Explorations in Black Leadership

Co-Directed by Phyllis Leffler & Julian Bond

Learning to Lead in a Bowling Alley

BOND: Now, there has to come a point in your life where you say, and you may not say it in these words, but at least you think, "I am a leader." Did that happen?


BOND: When did it happen?

CLYBURN: It had nothing to do with politics. It had nothing to do with school. It happened in a bowling alley. I used to teach bowling. I've always been sort of -- aside from baseball, I've always been sort of in the individual sports: golf and bowling. Bowling was a big big passion and pastime for me when I was living in Charleston. So after teaching I would go over to the bowling alley and I would teach kids on Saturday mornings and I had a lot of adult bowling classes. This was back in the '60s. Well, it was in this bowling alley that people started coming to me asking questions and people would start seeking advice, and I think it was in that setting that I first started to realize that I had some real leadership qualities.

BOND: In a way, I find that odd, only because earlier on, when you're 12, before that, when you're winning these school elections, we have a definition of leadership as 'a leader is able to make things happen,' but a larger definition is you get elected to an office. You're a leader.


BOND: And I'm wondering why that earlier -- why those earlier achievements didn't make you think that?

CLYBURN: It never did. It never did. To me, as I said, I didn't know if I knew what I was supposed to do. I mean, I always knew how to carry a motion. My father made us learn Robert's Rules of Order very early, so I had this little book and I knew how to do things like that. But I never thought of myself as any kind of a real leader. It really was in that bowling alley interacting with just ordinary people.

BOND: How did people know -- I'm sure the people that you're teaching know you're there, but how did people not connect it with bowling? How'd they know to come there to find you?

CLYBURN: Well, because it was new in the black community. This was when bowling alleys were not integrated and people were from all walks of life would come to that bowling alley, and so there I was. I was the only black guy who really knew how to bowl and so I got -- I was somewhat of an oddity to them, and I don't know. I've just had some -- I never really had any real bowling lessons. I taught myself to bowl, but I was a darn good bowler.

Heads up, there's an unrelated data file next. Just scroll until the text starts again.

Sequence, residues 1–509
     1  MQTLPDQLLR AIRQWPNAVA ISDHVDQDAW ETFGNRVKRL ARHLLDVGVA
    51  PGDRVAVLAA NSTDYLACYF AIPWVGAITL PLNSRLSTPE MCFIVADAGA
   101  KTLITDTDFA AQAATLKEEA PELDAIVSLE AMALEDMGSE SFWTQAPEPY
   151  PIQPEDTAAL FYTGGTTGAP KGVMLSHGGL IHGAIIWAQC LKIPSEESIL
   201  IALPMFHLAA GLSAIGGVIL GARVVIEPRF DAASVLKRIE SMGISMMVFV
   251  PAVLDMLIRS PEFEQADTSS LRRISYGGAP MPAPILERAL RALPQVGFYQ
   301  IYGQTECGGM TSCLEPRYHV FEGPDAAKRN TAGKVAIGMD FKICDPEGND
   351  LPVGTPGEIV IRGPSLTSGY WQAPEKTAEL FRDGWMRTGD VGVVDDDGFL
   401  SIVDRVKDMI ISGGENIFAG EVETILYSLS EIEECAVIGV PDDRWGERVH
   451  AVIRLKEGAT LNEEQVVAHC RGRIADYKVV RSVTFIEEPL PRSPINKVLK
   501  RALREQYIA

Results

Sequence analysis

BOND: I know this is a little off the point, but how did you learn how to bowl in a world in which there are no integrated bowling alleys? Were there black bowling alleys?

CLYBURN: No, no. I used to go north to work in the summers and I'll never forget, I was up in Baltimore and trying to find a job, couldn't find a job. And it was hot one day and so I went into this bowling alley, and up there, they had this thing called duck pins.

BOND: Yes, a big Baltimore game.

CLYBURN: Yeah, yeah, so I was sitting back there watching these people out there and I said, "You know, I think I could do that," so I went out there and I think it was about fifteen cents or something. I went out there and I started bowling. Well, I did not realize it at that time and somebody was watching me. Well, I thought bowling was two balls a frame. Well, in duck pins, it is three, and I was just bowling two balls a frame and scoring pretty well and a guy came up to me. He said, "You know, why are you only doing two balls?" He said "That's in ten pins; in duck pins, you get a third ball," and he says "You've got some real good scores for only be doing two balls a frame," and so the next day I went to this ten pin place and applied for a job. Didn't get the job, but I got the bowling ball and started bowling and then I got a book and learned the steps, and I just taught myself. And so when I got -- this was when I'm still in college, so when I went to Charleston to teach school and they opened this bowling alley, I went by there and applied for a job, and the guy said we need somebody to organize leagues and all that kind of stuff. And so they hired me and I started organizing the leagues and I started -- I'm out there bowling and nobody else there they knew who could bowl, so they said, well, you're going to be our teacher so they sent me away to school.

BOND: Really?

CLYBURN: Yes. I went down to Chattanooga, Tennessee, to AMF, the school to learn how to teach bowling, so that's how it happened.